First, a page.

With more than a quarter of primary school leaders quitting their posts within five years, something must be done. But the DfE shows no signs of wanting to engage with the real issues, says Paul Whiteman

The hearts of senior leaders, teachers and other school employees must sink whenever the government and education are mentioned in the same breath in the media.

In the last week alone, we’ve seen revelations which lay bare chaos, duplicity and a lack of cohesion at the centre of government when it comes to education policy, as well as the contempt with which the profession is seemingly held in some quarters.

First, levelling up secretary Michael Gove suggested that child benefits could be stopped for parents whose children are persistently absent, a proposal as misguided as it was out of the blue.

Attendance is only likely to be tackled successfully through better support services and resources for schools to work with families, with staff already deeply concerned about the growing numbers of children in poverty and the impact on their learning and wellbeing.

It felt like a clumsy attempt at chasing a cheap headline, and a government spokesperson was forced to admit there were no plans to implement the policy.

Then came the publication of WhatsApp messages sent by former health secretary Matt Hancock during the pandemic. Then education secretary Gavin Williamson suggested to Hancock that teachers were workshy after Hancock described teaching unions as “a load of arses”.

At the time, Covid levels were high and school leaders and their staff had been working flat-out for months to minimise the impact on children’s education. That meant adapting to teaching remotely, supporting and keeping school open for vulnerable and key-worker families, keeping on top of changing regulations, and trying to protect the health of themselves and their pupils.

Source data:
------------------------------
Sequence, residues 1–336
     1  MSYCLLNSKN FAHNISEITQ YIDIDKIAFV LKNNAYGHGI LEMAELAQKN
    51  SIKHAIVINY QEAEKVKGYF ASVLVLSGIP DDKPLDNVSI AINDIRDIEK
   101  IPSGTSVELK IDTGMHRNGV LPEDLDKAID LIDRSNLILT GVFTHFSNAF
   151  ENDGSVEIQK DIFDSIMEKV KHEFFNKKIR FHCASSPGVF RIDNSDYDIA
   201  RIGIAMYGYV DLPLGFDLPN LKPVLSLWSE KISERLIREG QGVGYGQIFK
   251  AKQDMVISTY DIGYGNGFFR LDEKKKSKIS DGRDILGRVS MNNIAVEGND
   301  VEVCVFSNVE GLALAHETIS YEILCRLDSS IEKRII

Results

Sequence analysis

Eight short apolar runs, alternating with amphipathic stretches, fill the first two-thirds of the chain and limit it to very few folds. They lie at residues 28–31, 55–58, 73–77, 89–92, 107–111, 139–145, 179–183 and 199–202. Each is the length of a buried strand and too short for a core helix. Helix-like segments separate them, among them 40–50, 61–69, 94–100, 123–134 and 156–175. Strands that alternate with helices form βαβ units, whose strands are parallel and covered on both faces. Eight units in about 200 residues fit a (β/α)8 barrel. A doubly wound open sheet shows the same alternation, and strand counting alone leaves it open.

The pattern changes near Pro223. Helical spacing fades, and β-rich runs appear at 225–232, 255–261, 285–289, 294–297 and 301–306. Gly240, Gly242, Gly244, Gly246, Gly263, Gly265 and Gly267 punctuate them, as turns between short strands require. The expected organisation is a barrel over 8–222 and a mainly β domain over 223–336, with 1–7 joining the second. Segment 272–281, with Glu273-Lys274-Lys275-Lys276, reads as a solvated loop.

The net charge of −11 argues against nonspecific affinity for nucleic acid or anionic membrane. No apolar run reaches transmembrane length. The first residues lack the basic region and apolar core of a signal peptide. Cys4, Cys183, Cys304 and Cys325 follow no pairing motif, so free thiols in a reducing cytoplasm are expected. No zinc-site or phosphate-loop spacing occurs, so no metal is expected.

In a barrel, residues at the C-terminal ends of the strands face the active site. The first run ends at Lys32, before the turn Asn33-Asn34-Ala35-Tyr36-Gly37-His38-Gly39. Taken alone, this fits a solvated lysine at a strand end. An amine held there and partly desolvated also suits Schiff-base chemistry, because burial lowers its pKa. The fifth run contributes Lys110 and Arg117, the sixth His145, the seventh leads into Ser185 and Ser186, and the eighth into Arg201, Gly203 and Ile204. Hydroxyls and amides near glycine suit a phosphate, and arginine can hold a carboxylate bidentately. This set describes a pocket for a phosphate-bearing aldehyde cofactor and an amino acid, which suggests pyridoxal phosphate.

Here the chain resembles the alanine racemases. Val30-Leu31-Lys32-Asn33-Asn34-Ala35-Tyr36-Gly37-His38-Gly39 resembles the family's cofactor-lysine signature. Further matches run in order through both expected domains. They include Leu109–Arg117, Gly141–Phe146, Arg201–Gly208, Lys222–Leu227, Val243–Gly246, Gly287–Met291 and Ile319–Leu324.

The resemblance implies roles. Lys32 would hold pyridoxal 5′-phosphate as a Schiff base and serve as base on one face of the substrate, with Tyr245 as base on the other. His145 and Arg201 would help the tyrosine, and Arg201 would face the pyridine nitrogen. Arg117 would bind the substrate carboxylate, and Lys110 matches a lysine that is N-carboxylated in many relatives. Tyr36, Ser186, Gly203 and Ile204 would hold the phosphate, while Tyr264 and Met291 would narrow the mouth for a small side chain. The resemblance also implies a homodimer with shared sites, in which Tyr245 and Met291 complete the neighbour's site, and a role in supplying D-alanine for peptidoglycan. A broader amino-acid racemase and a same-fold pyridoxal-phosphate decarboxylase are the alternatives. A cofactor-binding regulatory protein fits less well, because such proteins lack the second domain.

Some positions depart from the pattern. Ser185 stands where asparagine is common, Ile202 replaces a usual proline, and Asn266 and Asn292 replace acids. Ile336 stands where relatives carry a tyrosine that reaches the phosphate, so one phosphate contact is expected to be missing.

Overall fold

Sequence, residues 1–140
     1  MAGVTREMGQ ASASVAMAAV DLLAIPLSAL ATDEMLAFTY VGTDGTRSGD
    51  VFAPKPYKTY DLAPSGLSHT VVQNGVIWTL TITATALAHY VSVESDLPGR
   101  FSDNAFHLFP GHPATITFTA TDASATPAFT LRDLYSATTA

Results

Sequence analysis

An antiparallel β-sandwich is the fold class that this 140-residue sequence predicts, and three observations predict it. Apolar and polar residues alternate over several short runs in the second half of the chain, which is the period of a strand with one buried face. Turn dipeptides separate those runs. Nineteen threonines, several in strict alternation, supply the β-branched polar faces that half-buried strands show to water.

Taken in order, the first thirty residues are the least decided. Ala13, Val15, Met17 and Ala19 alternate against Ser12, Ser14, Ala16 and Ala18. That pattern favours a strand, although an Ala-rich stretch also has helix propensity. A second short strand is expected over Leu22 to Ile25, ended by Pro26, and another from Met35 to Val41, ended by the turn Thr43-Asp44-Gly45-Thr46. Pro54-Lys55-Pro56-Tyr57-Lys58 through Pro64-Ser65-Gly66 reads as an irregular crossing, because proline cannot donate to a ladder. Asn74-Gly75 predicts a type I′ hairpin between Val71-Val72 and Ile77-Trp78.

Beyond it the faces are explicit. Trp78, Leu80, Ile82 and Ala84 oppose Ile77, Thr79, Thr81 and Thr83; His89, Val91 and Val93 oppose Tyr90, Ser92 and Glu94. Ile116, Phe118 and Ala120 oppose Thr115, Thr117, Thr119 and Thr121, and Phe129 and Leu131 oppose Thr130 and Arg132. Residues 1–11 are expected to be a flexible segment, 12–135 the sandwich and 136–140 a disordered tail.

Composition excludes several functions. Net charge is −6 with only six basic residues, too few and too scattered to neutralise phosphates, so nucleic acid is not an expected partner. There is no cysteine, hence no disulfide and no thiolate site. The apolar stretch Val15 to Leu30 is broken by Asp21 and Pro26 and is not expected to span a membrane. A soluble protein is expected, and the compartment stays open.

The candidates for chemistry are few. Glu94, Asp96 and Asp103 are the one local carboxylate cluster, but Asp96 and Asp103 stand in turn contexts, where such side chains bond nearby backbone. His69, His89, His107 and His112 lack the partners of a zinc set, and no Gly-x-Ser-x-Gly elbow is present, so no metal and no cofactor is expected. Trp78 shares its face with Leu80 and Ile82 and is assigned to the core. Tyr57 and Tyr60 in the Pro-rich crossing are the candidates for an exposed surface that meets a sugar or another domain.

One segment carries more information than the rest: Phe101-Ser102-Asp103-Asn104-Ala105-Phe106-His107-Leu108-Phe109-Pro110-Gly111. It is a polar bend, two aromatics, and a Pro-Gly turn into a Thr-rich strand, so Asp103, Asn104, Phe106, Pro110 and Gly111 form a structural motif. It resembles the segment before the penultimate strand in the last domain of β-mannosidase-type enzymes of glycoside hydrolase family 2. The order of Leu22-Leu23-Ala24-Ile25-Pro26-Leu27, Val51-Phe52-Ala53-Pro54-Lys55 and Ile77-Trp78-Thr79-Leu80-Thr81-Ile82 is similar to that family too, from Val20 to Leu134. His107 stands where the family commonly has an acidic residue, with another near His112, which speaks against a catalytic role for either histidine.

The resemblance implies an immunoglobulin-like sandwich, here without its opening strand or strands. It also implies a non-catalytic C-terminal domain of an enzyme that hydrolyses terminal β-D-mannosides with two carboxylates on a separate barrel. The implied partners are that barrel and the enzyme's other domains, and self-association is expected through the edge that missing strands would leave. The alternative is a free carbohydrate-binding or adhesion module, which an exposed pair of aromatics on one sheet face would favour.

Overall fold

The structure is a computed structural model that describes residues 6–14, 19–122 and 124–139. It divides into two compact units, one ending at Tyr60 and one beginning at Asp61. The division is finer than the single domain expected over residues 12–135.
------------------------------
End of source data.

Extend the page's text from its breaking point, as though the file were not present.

Williamson portrayed himself as a champion of schools, but to belittle these efforts was truly appalling. It would be bad enough if this was needy echo-chamber bravado, but if these were genuinely held views it is hugely concerning just how out of touch the government is.

Let’s be clear. School staff are doing an absolutely crucial job in ever-trying circumstances and have negotiated not only the pandemic, but also years of austerity.

I was reminded how the government has halved real-terms funding for major school rebuilding and refurbishment projects since 2010 by the tensions highlighted in the WhatsApp exchanges between ministers making decisions based on politics and making them in the interests of safety.

Investment in the school estate is a political choice and there should never be cutting of corners when it comes to pupil and staff safety. It’s little wonder that the Department for Education was forced to upgrade the risk of buildings near the end of their life expectancy collapsing to “critical” and “very likely”. But it still has no idea which buildings are most at risk and the government appears to be dealing with the issue on a largely reactive basis, without clear leadership or a plan for action and investment. This seems to be a recurring theme.